Vladimir Putin’s representative, Dmitry Peskov, said on August 20 that the statements of the Organization of the Complete Nuclear Test Ban Treaty regarding the radioactive cloud that would have formed following the explosion are absurd.

11 days after the accident, a comment came from the Kremlin leader. During the meeting with Emmanule Macron, Vladimir Putin said that the radiological situation in the region is being monitored by independent experts.

Lassina Zerbo, the director of the Comprehensive Nuclear Test Ban Treaty Organization, tweeted on August 20 that two other radiation monitoring stations RUP 56 (Peleduy) and RUP 57 (Bilibino) resumed data transmission. Zerbo said that it is not yet known whether the data from August 8-20 were transmitted.

Anatol Țăranu, expert in foreign policy and security:
“The Russian authorities have a categorically inappropriate attitude towards what is called the health security of their own citizens, but also of the citizens of other countries, in case it is a nuclear pollution of the atmosphere. Such an approach of the institutions is largely inadmissible and this speaks to the fact that today’s Russia has not been linked to contemporary standards in terms of nuclear testing.

The fact that the radiation monitoring stations have stopped transmitting data after the explosion, says, probably, that the pollution was very high and now Russian authorities are trying to hide the real situation because it is aggravated”, says the expert.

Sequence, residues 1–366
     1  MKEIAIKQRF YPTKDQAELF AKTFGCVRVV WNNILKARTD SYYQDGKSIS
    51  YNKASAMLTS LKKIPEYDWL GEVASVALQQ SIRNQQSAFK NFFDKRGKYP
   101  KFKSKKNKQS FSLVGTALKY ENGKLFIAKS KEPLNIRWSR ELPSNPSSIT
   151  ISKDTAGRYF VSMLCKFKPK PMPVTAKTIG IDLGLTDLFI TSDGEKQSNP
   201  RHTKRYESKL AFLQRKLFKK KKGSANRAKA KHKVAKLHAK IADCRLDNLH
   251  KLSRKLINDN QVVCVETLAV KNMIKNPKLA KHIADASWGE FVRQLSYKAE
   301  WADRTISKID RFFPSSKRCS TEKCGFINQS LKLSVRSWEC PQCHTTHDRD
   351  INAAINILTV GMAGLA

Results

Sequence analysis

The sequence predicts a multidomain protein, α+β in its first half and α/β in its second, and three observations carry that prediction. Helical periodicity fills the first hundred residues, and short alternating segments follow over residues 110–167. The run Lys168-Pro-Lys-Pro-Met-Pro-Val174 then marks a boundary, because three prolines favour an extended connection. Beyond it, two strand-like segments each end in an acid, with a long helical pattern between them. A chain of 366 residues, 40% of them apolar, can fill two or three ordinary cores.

“Russia is embarking on a new round of armaments and thus endangers international security. International public opinion must react in this case. If Russia is not sanctioned, it will not be stopped. Under these conditions it can bring very serious harm to international security”, says Țăaranu.

So far, the circumstances of the explosion near the Archangelsk are shrouded in mystery. Government agencies provided truncated information, and the state addressed the same behavior as in the Chernobyl catastrophe of 1986.

The nuclear incident comes at a crucial moment in the military competition between the United States and Russia. Donald Trump administration has just completed the withdrawal procedure from the Intermediate Nuclear Forces Treaty (INF), arguing that Russia has violated the agreement. In turn, Putin administration warned that it would have to develop new types of weapons after the US withdrawal from the INF Treaty.

Opinii ENG